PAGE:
Department Electra House

Campbell Stuart was not entirely unfamiliar with the surroundings of Woburn for as a small boy, in 1892 he had spent the summer in Aspley Guise with two great aunts, being taken, as an especial treat, through Woburn Park to see all the unusual animals which, at his belated return, were now still a feature.

Whilst other personnel were lodged at twelve or so lesser dwellings in Woburn, or the immediate district, as head of the organisation Campbell Stuart, together with two or three close associates, occupied Paris House, on the Woburn estate. Visually stunning, a late nineteenth

century reproduction of a sixteenth century style, Paris House had been directly transported from the Paris Exhibition of 1878 - hence it’s name – after engaging the fancy of the contemporary Duchess of Bedford. Yet despite the architectural splendour, as a place of accommodation Campbell Stuart found the building ‘inconvenient, dark, and depressing and in winter desperately cold’.

As for those personnel recruited for the British headquarters, which was always referred to as C.H.Q., Country Headquarters, and never as Woburn, including Michael Gibbs-Smith, Campbell Stuart’s administration officer, the Electra House Department duly moved in. Only a few knew the location and so the majority were instructed to make their way to the Sugar Loaf Hotel on the Watling Street, at Dunstable, where Gibbs Smith drew them a sketch map or arranged transport. Both the stable wing and the Riding School found a use as offices whilst flats above the stables served as sleeping quarters although upon mobilisation bedrooms were still being readied and bathrooms installed. The outbreak of the war then saw 24 small cubicles partitioned off along the 150 yards length of the Riding School with a corridor running along the centre. If the accommodation seemed basic, the premises nevertheless gained an air of grandeur through the presence of several important works of art, since the Riding School had enjoyed a former use as an overflow gallery.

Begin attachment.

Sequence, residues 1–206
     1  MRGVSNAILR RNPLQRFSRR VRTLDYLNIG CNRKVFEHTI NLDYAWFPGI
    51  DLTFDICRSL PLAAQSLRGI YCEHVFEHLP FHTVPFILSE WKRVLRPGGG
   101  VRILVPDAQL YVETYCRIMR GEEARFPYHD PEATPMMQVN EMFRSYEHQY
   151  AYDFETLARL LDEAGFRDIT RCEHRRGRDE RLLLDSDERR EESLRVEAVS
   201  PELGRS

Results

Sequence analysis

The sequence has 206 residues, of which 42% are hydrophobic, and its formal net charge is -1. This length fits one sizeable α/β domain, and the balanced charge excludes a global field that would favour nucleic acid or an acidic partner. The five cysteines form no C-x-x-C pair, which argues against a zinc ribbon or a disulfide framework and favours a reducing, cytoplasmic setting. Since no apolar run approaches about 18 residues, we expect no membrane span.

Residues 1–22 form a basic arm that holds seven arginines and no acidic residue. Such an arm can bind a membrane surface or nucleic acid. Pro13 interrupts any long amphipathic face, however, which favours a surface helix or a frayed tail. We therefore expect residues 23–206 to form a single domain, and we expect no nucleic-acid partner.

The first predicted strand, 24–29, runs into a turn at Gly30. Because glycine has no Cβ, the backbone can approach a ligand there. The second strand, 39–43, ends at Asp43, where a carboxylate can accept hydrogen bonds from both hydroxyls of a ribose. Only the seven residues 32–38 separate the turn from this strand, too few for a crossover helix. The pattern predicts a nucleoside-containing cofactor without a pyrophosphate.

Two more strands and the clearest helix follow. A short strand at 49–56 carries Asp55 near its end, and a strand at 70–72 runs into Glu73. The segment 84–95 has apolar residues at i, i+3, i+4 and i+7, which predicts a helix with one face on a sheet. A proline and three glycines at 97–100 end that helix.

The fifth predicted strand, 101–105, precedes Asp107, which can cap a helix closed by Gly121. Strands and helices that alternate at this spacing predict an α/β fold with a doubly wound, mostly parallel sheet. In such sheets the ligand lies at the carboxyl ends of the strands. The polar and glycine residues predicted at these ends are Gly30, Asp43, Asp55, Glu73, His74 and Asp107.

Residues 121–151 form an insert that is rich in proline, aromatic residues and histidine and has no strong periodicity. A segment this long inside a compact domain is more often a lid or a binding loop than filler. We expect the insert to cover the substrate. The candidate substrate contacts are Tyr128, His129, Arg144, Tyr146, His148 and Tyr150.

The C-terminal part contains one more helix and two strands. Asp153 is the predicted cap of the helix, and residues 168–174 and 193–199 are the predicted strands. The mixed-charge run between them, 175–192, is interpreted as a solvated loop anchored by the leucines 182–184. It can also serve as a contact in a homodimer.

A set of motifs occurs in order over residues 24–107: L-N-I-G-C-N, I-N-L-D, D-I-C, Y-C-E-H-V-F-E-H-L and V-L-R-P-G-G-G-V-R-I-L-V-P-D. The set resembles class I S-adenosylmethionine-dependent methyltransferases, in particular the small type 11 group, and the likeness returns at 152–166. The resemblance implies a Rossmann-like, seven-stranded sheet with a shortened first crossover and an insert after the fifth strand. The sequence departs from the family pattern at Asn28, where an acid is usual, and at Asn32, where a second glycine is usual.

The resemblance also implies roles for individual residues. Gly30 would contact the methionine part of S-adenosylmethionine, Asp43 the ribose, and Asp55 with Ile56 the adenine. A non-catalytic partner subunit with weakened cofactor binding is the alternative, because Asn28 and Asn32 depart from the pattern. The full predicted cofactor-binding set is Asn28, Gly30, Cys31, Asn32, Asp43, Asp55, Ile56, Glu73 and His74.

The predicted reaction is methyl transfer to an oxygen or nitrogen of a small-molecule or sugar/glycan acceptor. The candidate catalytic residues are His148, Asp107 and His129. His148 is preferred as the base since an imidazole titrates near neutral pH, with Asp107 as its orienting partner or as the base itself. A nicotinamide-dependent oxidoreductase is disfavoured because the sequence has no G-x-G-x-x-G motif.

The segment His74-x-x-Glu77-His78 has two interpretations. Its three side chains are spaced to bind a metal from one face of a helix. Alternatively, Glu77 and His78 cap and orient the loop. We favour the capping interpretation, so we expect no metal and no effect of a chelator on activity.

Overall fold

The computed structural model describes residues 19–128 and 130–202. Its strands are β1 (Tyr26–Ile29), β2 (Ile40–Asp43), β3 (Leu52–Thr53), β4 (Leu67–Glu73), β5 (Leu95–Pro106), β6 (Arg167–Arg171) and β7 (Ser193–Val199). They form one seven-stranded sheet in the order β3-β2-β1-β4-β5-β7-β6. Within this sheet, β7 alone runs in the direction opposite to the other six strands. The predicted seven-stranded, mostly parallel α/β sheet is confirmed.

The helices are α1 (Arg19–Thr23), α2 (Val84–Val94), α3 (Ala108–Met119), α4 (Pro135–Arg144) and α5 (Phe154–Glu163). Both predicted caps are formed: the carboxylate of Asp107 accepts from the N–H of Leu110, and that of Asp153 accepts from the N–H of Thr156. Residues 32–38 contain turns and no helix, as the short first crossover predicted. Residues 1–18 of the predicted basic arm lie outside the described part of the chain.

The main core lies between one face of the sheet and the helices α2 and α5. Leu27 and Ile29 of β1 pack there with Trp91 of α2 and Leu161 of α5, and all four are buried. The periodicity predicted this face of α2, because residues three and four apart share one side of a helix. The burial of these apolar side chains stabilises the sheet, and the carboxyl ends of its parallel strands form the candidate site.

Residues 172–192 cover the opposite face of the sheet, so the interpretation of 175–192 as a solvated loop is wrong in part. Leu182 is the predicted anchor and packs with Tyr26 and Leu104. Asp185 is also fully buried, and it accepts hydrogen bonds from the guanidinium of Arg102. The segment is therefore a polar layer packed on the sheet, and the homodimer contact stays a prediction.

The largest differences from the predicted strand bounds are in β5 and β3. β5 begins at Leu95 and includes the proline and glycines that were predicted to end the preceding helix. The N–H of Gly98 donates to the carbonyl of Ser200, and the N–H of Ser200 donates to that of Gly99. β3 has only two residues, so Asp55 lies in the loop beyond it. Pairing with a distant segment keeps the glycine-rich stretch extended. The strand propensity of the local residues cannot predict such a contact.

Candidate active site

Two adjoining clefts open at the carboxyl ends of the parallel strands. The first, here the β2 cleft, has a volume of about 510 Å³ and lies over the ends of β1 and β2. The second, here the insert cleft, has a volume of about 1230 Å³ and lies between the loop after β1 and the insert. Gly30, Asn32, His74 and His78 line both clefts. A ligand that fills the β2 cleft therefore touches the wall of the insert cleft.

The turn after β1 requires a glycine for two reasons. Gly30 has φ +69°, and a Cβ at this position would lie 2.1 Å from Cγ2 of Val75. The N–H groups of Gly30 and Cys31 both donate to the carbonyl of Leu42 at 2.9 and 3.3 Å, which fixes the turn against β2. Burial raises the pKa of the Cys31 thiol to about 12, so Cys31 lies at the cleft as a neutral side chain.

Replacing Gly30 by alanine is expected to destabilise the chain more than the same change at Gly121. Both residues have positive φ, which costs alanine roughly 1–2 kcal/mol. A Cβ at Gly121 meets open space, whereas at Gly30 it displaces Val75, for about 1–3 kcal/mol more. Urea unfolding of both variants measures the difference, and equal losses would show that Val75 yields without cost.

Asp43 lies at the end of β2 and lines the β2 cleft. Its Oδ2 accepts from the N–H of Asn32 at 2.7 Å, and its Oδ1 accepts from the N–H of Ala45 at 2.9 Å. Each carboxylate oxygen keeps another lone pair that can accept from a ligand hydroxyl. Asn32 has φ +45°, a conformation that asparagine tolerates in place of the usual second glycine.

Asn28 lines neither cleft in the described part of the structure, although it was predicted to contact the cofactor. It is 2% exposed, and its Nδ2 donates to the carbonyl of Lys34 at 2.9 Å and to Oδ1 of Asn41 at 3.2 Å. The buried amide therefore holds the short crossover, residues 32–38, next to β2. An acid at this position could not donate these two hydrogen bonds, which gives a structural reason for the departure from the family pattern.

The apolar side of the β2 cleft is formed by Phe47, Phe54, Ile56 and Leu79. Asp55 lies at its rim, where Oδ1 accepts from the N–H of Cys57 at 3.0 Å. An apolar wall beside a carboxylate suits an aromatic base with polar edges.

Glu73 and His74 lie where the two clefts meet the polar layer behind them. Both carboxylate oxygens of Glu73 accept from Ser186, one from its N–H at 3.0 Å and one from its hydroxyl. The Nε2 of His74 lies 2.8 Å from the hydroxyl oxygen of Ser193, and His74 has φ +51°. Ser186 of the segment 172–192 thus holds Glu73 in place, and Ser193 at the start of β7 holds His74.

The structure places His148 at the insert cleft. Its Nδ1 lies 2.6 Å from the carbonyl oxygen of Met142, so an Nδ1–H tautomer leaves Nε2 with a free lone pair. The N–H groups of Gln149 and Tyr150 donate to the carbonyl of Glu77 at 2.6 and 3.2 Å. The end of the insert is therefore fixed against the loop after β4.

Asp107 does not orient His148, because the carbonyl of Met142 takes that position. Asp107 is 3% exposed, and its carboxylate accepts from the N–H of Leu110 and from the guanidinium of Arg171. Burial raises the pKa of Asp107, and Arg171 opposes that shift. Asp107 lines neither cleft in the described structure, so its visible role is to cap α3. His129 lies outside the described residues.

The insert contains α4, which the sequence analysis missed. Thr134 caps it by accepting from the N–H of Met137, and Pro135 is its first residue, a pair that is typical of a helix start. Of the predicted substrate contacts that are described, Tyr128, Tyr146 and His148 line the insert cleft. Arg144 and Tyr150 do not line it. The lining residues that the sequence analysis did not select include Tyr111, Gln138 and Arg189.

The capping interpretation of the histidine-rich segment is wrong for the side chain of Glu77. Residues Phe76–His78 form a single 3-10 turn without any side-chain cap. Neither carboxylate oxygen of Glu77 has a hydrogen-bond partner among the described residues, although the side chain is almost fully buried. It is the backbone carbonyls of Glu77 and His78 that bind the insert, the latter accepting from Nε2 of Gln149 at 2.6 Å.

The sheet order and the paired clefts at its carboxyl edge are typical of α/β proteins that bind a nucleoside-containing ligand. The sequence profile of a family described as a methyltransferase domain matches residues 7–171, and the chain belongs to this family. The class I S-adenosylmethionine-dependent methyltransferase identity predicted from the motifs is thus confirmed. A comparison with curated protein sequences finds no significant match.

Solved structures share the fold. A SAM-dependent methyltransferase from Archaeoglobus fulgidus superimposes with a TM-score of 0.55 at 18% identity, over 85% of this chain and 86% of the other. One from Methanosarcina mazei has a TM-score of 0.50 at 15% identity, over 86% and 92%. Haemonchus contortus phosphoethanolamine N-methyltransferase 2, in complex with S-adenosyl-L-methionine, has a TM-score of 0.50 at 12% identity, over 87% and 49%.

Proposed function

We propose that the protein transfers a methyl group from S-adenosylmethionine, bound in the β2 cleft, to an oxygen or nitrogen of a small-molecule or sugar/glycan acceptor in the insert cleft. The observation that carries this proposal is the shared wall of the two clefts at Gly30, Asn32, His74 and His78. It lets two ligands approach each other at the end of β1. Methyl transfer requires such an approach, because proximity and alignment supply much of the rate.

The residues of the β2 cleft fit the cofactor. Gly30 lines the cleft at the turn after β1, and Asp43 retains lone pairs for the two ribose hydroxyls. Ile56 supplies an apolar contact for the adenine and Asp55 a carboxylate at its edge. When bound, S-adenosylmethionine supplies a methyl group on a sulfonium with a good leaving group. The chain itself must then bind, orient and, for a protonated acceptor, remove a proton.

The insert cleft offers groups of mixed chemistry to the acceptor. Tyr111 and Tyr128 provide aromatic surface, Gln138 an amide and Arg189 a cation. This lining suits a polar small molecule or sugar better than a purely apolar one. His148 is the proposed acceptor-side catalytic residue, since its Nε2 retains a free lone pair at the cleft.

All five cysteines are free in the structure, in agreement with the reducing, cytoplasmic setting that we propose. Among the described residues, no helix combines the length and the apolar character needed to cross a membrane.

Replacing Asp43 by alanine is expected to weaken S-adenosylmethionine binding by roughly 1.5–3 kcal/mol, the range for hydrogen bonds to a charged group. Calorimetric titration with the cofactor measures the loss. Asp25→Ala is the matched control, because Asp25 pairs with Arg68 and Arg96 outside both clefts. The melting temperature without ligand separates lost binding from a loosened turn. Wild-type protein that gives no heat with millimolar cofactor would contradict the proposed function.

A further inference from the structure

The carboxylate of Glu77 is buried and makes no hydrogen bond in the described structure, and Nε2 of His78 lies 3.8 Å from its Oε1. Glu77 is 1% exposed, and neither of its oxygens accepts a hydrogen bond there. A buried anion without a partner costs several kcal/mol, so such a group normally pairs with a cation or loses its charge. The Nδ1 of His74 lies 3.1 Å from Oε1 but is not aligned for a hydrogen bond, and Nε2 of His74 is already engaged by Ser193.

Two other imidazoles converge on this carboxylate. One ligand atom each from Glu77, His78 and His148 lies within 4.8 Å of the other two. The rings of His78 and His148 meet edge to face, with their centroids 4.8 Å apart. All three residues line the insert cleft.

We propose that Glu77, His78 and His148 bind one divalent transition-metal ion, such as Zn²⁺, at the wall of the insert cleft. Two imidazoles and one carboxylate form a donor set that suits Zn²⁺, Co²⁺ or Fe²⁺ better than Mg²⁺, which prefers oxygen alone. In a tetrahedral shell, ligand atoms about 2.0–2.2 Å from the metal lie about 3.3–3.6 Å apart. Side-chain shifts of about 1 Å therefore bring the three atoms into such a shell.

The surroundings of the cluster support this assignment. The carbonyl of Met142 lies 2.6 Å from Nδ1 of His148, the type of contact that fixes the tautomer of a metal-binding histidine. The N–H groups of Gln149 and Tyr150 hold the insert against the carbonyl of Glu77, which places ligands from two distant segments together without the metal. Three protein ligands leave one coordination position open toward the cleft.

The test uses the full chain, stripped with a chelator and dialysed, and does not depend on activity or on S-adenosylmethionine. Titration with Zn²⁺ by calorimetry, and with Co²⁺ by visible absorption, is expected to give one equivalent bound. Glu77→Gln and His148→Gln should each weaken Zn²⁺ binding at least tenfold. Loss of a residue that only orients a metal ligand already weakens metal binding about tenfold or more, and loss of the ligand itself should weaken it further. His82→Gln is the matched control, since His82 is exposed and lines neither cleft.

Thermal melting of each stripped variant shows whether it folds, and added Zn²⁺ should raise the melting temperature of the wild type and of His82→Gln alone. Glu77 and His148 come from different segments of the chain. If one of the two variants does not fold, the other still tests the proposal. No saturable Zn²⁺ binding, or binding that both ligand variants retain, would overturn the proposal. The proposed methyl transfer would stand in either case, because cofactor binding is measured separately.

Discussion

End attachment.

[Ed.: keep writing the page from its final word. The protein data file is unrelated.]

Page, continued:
As sixty personnel prepared to go about their duties, the Duke of Bedford paid an early visit to witness this unaccustomed activity. Catered for initially by J. Lyons and Co., almost 10% of the departmental salary bill regularly went through the till of the canteen bar! Later, A.B.C. took over the contract.

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